Systematic population screening, using biomarkers and genetic testing, identifies 2.5% of the U.K. pediatric diabetes population with monogenic diabetes.
American Diabetes Association
OBJECTIVE: Monogenic diabetes is rare but is an important diagnosis in pediatric diabetes clinics. These patients are often not identified as this relies on the recognition of key clinical features by an alert clinician. Biomarkers (islet autoantibodies and C-peptide) can assist in the exclusion of patients with type 1 diabetes and allow systematic testing that does not rely on clinical recognition. Our study aimed to establish the prevalence of monogenic diabetes in U.K. pediatric clinics using a systematic approach of biomarker screening and targeted genetic testing. RESEARCH DESIGN AND METHODS: We studied 808 patients (79.5% of the eligible population) <20 years of age with diabetes who were attending six pediatric clinics in South West England and Tayside, Scotland. Endogenous insulin production was measured using the urinary C-peptide creatinine ratio (UCPCR). C-peptide-positive patients (UCPCR ≥0.2 nmol/mmol) underwent islet autoantibody (GAD and IA2) testing, with patients who were autoantibody negative undergoing genetic testing for all 29 identified causes of monogenic diabetes. RESULTS: A total of 2.5% of patients (20 of 808 patients) (95% CI 1.6-3.9%) had monogenic diabetes (8 GCK, 5 HNF1A, 4 HNF4A, 1 HNF1B, 1 ABCC8, 1 INSR). The majority (17 of 20 patients) were managed without insulin treatment. A similar proportion of the population had type 2 diabetes (3.3%, 27 of 808 patients). CONCLUSIONS: This large systematic study confirms a prevalence of 2.5% of patients with monogenic diabetes who were <20 years of age in six U.K. clinics. This figure suggests that ∼50% of the estimated 875 U.K. pediatric patients with monogenic diabetes have still not received a genetic diagnosis. This biomarker screening pathway is a practical approach that can be used to identify pediatric patients who are most appropriate for genetic testing.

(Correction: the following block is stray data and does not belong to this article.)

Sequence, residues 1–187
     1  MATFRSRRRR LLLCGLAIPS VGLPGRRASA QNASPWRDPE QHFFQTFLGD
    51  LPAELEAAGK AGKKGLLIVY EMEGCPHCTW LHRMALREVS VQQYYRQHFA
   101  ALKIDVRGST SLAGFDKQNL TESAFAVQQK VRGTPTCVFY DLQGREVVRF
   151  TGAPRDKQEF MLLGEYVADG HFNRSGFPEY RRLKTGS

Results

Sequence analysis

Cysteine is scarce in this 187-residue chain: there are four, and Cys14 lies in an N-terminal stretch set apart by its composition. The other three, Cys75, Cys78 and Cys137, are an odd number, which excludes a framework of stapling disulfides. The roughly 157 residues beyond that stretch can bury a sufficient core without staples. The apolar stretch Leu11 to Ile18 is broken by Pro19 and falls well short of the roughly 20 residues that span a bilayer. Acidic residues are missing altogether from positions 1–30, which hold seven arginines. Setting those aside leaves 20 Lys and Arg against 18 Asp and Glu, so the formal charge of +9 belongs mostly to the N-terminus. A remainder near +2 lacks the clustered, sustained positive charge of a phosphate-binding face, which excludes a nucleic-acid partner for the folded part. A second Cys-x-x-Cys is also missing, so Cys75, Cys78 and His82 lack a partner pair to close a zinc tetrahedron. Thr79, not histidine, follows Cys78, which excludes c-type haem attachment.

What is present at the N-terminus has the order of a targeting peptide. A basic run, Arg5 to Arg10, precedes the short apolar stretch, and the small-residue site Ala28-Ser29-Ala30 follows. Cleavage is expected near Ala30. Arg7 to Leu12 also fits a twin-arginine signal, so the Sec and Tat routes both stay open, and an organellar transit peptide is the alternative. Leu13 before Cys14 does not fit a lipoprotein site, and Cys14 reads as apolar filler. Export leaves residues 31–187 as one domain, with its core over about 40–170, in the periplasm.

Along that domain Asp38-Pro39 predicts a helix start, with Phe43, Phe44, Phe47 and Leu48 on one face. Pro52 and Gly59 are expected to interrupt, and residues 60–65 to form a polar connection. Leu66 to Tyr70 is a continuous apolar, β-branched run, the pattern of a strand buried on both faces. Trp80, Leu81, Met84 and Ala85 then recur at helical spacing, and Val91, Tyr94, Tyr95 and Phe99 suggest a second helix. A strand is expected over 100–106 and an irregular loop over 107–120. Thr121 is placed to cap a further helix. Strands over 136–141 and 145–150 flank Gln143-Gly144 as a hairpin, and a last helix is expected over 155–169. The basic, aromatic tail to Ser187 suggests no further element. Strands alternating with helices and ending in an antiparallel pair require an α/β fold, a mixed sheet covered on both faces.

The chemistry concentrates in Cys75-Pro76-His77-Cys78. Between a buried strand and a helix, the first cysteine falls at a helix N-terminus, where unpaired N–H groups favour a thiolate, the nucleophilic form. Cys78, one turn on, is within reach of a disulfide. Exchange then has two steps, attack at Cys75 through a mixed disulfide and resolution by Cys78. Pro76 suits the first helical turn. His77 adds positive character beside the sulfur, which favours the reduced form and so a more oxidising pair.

This work presents independent research commissioned by the Health Innovation Challenge Fund, a parallel funding partnership between the Wellcome Trust and the Department of Health (grant HICF-1009-041); and was supported by the National Institute for Health Research (NIHR) Exeter Clinical Research Facility and the South West Peninsula Diabetes Research Network. M.S. is supported by the NIHR Exeter Clinical Research Facility. T.J.M. is funded by an NIHR CSO Fellowship. S.E. and A.T.H. are both Wellcome Trust Senior Investigators. E.R.P. is a Wellcome Trust New Investigator. A.T.H. is an NIHR Senior Investigator.
This is the author accepted manuscript. The final version is available from the publisher via the DOI in this record.
Diabetes Care 2016 Jun; dc160645. http://dx.doi.org/10.2337/dc16-0645